THE public is being urged to keep an eye out for koalas as a sweltering heatwave tightens its grip on Gunnedah and surrounds.
A Gunnedah koala crusader is calling on the region’s residents to take care of our much-loved marsupials this summer by putting out water and keeping them away from cattle and dogs.
It follows a Spring Ridge farmer capturing the moment a curious koala took a dip to cool down in a property dam late last week.
Mitch Deal was driving past a dam at the property he manages, “Boyanda North”, which backs onto the Breeza State Forest, when he noticed something unusual.
“There are so many (koalas) around here, but I didn’t know what it was when I drove past,” Mr Deal said.
“It was by the dam next to the house.
“He was asleep, it looked like he’d had a big night and was having a snooze by the dam.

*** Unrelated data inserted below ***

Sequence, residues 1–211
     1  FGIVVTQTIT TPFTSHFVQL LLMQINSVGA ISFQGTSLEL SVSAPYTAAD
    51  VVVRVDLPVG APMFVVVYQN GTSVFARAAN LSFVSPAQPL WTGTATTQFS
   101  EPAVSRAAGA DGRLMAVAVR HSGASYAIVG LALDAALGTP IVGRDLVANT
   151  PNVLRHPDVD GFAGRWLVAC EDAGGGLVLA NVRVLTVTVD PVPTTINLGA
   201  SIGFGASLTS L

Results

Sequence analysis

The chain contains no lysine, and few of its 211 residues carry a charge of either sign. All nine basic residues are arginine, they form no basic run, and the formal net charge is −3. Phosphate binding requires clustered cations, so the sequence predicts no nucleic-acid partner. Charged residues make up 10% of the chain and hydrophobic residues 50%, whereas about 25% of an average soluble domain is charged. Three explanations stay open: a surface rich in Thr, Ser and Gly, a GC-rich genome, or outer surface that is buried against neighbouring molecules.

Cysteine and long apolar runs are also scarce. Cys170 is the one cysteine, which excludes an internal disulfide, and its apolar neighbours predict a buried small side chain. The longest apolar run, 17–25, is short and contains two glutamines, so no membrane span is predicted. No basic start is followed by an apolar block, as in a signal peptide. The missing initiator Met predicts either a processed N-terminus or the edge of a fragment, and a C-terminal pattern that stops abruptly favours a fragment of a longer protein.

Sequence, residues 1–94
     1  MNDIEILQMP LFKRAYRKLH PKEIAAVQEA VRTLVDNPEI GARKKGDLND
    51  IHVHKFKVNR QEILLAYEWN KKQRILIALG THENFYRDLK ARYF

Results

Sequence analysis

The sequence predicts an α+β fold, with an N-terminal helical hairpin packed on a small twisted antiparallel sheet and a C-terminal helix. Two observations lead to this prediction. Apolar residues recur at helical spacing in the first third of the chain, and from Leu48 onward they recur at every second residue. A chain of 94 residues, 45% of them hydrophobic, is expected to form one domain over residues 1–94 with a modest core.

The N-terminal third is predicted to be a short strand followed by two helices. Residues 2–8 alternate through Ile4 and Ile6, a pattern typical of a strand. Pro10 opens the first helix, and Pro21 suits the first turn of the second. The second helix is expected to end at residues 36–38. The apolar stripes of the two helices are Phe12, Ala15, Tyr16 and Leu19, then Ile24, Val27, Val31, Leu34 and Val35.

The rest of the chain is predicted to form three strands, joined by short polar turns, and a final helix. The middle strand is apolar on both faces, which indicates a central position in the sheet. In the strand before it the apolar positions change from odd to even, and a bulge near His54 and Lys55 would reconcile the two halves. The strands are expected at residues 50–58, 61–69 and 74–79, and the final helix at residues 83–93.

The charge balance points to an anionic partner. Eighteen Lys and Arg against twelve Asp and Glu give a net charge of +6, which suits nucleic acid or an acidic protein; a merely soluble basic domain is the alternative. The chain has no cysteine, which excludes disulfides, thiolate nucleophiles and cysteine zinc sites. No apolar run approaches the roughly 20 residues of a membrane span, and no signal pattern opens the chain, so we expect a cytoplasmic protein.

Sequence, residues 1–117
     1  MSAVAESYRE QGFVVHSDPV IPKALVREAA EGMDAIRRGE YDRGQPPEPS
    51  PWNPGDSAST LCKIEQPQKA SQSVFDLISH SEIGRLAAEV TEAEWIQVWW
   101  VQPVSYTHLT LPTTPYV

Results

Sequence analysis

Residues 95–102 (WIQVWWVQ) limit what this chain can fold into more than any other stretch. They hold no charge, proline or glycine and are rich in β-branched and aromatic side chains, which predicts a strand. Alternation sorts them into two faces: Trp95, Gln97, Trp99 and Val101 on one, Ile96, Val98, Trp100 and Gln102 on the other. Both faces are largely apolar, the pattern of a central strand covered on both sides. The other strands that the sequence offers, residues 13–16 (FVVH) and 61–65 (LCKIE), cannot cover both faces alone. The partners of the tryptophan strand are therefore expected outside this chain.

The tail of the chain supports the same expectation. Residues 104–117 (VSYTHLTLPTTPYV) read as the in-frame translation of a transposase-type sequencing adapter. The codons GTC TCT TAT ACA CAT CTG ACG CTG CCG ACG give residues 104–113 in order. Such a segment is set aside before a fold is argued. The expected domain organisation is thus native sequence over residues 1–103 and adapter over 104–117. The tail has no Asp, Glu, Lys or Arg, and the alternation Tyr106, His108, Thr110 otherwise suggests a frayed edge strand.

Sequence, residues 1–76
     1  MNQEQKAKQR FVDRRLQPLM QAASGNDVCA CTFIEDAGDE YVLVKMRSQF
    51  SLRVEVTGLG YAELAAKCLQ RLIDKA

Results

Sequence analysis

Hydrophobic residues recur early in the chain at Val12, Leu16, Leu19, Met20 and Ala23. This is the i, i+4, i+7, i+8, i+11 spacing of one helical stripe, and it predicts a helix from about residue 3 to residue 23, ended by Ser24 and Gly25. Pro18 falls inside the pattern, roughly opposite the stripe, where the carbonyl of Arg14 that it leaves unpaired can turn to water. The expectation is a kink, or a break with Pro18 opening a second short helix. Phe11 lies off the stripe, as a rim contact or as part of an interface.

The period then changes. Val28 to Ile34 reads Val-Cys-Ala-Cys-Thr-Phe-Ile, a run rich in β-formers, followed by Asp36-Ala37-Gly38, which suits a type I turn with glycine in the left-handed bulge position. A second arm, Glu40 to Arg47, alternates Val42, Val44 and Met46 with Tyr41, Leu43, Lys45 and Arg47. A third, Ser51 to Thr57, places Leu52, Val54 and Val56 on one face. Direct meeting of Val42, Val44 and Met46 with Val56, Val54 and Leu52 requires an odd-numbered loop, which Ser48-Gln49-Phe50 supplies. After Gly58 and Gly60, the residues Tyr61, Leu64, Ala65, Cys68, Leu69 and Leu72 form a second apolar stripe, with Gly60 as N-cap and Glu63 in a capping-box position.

“We usually see one (koala) a week, but never like this.”
There’s little wonder why the koala chose to take a dip and cool down, with the mercury climbing to high-30s across the region late last week.
And don’t expect any respite from the heat soon.
According to the Bureau of Meteorology, Gunnedah will reach a top of 40 degrees on Tuesday and 41 degrees on Wednesday.
The family took the dam koala to Wildlife Information, Rescue and Education Service (WIRES).
WIRES koala coordinator for Central Northern Martine Moran said the dam koala was thirsty when it arrived and it eventually started eating later that day.
“If (people) find a koala on the ground and it's distressed, they can present water to it in some form - not a bucket - and then if they really think it needs to come in, ring up WIRES,” she said.
“If it's really really sick, prop it up and maybe put a wet towel on it and still call WIRES.
“(Humans) can get hurt picking them up.
“If they had a closed bin or box they're not going to get out if they're being transported, well-ventilated. Don't transport them if they think they're going to get out and it's going to be dangerous.”